Intel's exit from the 5G phone space places an even bigger bet on the IoT (QCOM, AAPL, INTC)
Semiconductor giant Intel announced that it will exit the 5G smartphone modem business to focus on its other lines of business, including the IoT as well as PCs, data center hardware, and networking infrastructure.
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This shift comes on the heels of Apple and Qualcomm agreeing to end all litigation between themselves. The two companies also set a licensing agreement that will see Qualcomm supply chipsets, including modems, for iPhones and other Apple products.
Here's what it means: Intel had been working with Apple to supply the latter with modems for its upcoming smartphones, including potentially the first generation of 5G iPhones. But now Intel won't be entering the space at all, which has fueled speculation that the settlement between Apple and Qualcomm was made with the knowledge of (and in direct response to) Intel's decision.
Intel hasn't provided much in the way of details or reasoning as to why it's exiting the mobile 5G modem market, but its past smartphone efforts as well as other mobile chipset offerings for devices such as tablets and mini-PCs were plagued by poor performance and, fatally, subpar battery life.
The company hasn't been able to extend its dominance from the PC space into mobile, and while 5G could have offered it an opportunity to move into that sector, Intel is now going to devote its efforts elsewhere instead.
The bigger picture: In minimizing its smartphone presence, Intel will be placing an even bigger bet on building revenue from the IoT, as well as from data centers and memory production, which could propel it into more of a leadership role in the IoT marketplace.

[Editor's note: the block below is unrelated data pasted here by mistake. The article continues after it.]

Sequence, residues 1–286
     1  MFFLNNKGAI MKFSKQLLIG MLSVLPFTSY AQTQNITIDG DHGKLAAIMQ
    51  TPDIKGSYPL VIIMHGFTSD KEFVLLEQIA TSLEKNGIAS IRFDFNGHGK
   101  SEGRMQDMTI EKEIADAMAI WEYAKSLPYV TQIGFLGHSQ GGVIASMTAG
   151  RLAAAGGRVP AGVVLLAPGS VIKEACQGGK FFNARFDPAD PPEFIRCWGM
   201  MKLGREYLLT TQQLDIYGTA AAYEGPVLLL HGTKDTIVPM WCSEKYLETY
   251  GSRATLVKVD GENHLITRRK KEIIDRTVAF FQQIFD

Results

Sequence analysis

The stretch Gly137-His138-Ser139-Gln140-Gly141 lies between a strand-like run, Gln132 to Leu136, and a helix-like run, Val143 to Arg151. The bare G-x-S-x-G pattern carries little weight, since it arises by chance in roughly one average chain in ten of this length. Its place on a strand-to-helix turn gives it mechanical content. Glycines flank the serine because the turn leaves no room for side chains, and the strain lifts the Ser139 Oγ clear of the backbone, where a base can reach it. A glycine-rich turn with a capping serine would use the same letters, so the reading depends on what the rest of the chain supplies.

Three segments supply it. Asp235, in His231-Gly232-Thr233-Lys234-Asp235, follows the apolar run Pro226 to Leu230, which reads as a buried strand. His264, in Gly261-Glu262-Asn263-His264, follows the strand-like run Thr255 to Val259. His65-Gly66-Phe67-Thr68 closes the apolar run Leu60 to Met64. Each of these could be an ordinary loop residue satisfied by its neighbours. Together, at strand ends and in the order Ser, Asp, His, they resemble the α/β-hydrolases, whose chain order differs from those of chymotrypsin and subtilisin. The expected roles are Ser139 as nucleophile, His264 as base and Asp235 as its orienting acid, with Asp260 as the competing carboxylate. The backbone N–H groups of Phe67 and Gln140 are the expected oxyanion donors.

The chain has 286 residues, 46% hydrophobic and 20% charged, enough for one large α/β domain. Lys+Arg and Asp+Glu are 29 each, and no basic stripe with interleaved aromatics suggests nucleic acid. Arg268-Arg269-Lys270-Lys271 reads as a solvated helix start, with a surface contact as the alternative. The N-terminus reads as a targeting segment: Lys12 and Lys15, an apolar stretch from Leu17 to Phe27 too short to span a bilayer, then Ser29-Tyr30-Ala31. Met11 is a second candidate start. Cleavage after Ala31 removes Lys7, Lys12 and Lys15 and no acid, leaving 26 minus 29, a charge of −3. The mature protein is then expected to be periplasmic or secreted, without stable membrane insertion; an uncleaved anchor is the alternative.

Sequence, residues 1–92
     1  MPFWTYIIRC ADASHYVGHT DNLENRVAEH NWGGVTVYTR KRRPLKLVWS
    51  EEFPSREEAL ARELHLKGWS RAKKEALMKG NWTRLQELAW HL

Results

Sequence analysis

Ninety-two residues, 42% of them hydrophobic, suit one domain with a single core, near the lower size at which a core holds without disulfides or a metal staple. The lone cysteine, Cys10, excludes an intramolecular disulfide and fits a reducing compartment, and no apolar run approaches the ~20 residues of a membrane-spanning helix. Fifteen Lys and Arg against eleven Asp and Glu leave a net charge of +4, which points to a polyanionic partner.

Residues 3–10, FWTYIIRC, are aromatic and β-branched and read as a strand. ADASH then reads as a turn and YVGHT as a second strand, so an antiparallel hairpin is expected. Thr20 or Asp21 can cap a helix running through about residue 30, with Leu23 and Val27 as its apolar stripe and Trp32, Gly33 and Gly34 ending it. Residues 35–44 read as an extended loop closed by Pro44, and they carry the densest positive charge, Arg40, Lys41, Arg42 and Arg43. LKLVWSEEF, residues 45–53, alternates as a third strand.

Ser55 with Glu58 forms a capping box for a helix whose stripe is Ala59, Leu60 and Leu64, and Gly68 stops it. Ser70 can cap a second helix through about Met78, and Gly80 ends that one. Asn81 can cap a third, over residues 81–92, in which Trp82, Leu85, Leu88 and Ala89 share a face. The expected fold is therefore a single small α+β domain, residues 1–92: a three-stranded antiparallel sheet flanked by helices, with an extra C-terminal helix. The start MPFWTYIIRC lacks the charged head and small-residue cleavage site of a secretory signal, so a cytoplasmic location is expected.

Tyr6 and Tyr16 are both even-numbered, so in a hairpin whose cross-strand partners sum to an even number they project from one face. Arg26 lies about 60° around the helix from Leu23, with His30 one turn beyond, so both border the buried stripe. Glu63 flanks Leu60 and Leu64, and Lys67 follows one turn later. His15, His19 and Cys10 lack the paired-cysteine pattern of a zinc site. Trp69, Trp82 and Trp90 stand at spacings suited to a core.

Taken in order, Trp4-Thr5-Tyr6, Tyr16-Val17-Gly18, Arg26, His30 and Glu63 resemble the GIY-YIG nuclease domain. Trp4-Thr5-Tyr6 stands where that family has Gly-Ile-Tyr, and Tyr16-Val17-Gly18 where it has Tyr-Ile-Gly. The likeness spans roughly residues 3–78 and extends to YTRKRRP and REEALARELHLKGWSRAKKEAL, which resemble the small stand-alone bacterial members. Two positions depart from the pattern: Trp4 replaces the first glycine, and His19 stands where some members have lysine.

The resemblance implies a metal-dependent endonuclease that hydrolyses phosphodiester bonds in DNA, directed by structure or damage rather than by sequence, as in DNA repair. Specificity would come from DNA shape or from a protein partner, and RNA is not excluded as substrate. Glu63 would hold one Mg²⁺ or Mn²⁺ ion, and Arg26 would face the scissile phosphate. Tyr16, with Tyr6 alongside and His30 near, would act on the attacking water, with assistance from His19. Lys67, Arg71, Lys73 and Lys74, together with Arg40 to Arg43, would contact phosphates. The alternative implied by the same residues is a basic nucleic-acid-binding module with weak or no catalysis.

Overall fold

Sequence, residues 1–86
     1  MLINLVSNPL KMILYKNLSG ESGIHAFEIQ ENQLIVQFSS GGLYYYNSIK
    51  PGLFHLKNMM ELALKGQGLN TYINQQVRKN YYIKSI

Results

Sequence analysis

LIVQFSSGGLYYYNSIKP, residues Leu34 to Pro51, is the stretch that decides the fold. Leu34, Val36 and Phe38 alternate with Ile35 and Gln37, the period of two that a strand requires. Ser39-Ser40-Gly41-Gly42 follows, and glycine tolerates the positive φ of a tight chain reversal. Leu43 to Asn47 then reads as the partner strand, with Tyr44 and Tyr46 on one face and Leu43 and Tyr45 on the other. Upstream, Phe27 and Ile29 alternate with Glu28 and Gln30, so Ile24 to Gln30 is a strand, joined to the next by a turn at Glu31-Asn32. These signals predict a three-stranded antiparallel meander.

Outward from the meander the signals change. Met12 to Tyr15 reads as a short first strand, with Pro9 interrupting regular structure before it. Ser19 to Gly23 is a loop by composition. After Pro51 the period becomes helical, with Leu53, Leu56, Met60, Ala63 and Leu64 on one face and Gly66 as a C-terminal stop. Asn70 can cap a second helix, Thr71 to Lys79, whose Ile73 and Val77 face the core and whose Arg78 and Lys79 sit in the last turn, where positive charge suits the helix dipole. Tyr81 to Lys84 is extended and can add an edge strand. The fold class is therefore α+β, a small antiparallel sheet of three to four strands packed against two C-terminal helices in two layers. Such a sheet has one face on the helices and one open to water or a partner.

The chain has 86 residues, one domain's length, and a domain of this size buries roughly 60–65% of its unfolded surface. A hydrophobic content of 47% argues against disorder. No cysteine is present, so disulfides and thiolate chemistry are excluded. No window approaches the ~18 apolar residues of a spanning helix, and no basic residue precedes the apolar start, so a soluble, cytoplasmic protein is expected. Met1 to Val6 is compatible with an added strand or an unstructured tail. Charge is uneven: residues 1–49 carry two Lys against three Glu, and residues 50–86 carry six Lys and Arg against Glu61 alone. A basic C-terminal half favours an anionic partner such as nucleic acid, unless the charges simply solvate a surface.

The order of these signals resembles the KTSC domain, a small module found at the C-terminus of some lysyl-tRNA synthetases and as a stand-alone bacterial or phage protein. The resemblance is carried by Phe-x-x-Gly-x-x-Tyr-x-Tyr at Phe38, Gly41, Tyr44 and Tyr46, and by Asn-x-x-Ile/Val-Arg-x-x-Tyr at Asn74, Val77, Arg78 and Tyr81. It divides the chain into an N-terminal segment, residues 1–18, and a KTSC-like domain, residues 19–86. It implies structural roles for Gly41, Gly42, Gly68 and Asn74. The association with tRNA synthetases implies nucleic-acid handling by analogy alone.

The company has taken a number of steps to expand its IoT solutions — it worked with JD.com to develop a retail technology lab, for instance — and has been building the revenue base of its IoT unit fairly steadily in recent years, barring the most recent quarter when a business unit it sold off reduced inbound revenue slightly.
Troublingly, though, Intel's IoT-adjacent revenue — from services that it supplies to support hardware deployments — has been trending downward for the past two reported quarters since it finalized the aforementioned sale. This had been a steadily growing segment for the company in recent years, but its revenues for these adjacent services have been roughly halved, falling to 2014 levels.
Continuing to develop combined hardware-software solutions for IoT customers, especially those that are able to employ AI tools and take advantage of 5G networks, could help Intel to build on and maintain revenue even without moving into the 5G smartphone modem market.
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April 18, 2019 at 09:09AM